Monday, 15 April 2013

What A Relief!


The jokes were flying out fast and furious including these gems  -

"The forecast is wet and windy" to which some wit replied "Is that inside or outside?"
"When I was growing up you spent a penny not thousands of pounds"

Such mirth came about at the official opening of our allotment composting toilet building this weekend. Our VIP was the local MP. The gathering also included local council officials, representatives of community groups, other allotment site representatives and of course plot holders and their families. Following the formal cutting of the green ribbon we enjoyed afternoon tea, whilst for our visitors this was the first time some had visited an allotment site so they were keen to have a guided tour. The day was a celebration not only of the formal opening of a building also of what a small group of plot holders had achieved to get to this point.

There were not any toilet facilities at our allotment site before 2102, which made it difficult for many plot holders to spend long periods of time at the allotments. Whilst there was the option for some of disappearing into a shed with a bucket not everybody has access to a shed, whilst some folk have sheds but do not find the bucket solution particularly desirable. The lack of such basic sanitation was identified by plot holders as a major problem over a number of years especially as the number of female plot holders grew. The allotment association committee discussed this issue in some depth in 2011.

Lacking a connection to the mains water supply the committee decided that a composting toilet would be the best option for a site. One of the committee members volunteered to do some research into the subject eventually coming up with the recommendation that we consider a company called NatSol. This company has an established track record of providing composting toilet buildings for outdoor spaces including allotments. However we gulped when we saw the price which was way and above our modest funds. We are a relatively small site and membership of the association is voluntary. The annual subscription is kept at a relatively small sum to encourage people to join.

So we decided to investigate if there were any possible sources of external funding that we could tap into. Nobody on the present committee had any experience of this so it was a steep learning curve. We were fortunate though when a couple of committee members attended a meeting with other local allotment site representatives. Another site in the area had been successful in applying for funding for a project and suggested that that we looked into Awards For All. This is a lottery grants scheme funding small, locally community based schemes in the United Kingdom. The maximum grant that can be awarded is £10,000.

Acting on their suggestion we contacted the External Funding Officer at our local council and arranged a meeting to discuss possible sources of funding. Our initial meeting with her and a colleague was most encouraging and the consensus was that applying to Awards For All was appropriate. Of course we had to meet certain criteria to qualify for a grant so we were given advice on how to gear the application towards this, suggestions on how to fine tune our written constitution as well as a welcome critical pair of eyes to check through the completed application form before it was submitted for consideration.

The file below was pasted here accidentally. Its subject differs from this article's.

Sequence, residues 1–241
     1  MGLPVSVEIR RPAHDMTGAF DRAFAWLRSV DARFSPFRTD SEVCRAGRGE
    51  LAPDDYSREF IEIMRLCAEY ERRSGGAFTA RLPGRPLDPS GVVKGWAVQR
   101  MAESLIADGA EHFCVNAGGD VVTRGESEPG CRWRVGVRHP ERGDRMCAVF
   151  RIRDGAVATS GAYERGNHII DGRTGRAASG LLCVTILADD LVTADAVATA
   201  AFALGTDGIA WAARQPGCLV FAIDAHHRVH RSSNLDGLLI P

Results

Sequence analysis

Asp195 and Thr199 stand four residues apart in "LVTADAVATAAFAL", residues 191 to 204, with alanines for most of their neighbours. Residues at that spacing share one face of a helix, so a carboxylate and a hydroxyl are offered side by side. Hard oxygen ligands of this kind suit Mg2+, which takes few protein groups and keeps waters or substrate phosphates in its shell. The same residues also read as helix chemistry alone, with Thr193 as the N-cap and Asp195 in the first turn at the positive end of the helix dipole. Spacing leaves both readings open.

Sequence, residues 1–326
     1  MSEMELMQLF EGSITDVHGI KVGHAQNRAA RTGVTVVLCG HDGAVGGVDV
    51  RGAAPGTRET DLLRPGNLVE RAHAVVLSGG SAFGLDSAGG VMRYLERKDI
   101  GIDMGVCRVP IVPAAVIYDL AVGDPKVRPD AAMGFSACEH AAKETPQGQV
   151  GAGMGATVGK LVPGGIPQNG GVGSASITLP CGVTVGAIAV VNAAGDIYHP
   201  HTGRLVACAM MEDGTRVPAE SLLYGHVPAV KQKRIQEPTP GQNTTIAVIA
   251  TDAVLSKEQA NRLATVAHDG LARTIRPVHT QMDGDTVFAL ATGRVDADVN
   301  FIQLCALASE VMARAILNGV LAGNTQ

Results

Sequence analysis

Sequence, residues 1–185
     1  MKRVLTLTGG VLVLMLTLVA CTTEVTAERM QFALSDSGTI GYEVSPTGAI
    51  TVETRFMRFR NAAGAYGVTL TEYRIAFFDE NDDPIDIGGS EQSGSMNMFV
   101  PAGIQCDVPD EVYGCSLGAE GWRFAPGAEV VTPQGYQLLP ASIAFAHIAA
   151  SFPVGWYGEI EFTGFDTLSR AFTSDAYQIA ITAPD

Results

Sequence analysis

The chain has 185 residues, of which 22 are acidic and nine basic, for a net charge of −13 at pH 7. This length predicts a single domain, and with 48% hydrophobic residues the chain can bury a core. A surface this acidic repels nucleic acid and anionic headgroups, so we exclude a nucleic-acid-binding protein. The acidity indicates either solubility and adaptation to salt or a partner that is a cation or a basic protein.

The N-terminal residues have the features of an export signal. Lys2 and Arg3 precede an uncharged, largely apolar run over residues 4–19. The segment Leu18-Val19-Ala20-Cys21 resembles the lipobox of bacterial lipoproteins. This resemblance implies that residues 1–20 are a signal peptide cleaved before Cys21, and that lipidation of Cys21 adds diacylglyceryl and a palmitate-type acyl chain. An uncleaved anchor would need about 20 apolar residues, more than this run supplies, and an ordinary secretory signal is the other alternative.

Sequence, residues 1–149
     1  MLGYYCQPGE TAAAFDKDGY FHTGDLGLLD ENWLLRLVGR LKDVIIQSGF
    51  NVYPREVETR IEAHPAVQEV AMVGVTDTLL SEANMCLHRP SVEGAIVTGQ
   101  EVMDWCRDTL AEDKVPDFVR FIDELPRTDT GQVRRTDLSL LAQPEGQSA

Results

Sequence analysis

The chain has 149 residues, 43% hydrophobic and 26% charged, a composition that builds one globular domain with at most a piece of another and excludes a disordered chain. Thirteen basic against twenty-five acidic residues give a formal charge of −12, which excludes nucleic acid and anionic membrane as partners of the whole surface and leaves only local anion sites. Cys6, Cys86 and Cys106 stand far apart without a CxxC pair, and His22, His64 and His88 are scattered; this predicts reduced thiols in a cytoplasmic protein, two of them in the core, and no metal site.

Not long after this meeting the allotment association had its AGM where the committee gained the backing of members to apply for funding. We were also able to ask members to sign their name to a written statement that there was a need for such a facility. This piece of evidence went off with our application.

The next step was a visit to a neighbouring allotment site where we had found out that there was a similar toilet to the one we had our eyes on already in situ. We were made most welcome and it was great to see what we were considering in the flesh as it were. The pros and cons were discussed - more pros than cons.

So with all this information the committee decided to go ahead with the application and then for me as secretary of the association the hard work of completing the form began. Not only was there a form to be completed but we would also have to provide other written documentation if we were to receive a conditional offer. This included a copy of our written constitution, bank statements and an audited end of year financial report of our funds. Although initially slightly daunting the process was not too difficult but it was time consuming.

Our application was submitted at the end of January 2012 and we were delighted to be able to announce that we had been successful in May 2012. We were awarded £9,050 towards the purchase of a composting toilet with building together with installation costs. The balance of the final bill was raised by the association through plant sales last summer. The toilet was installed in July 2012 and has been in use since. Plot holders pay a nominal sum for a key to the toilet building which will be refunded to them if they give up the tenancy of their plot. This income has been used to cover the initial cost of having keys cut and also as a contribution to the cost of insuring the building. To date some 25 plot holders have asked for keys and hopefully this number will grow in the immediate future. As well as providing a vital facility for plot holders, the association is now in a better position to invite the local community on to the site to share our love of growing and wildlife. We are hoping to have small numbers of local primary school children visit the bee keeping area later this year.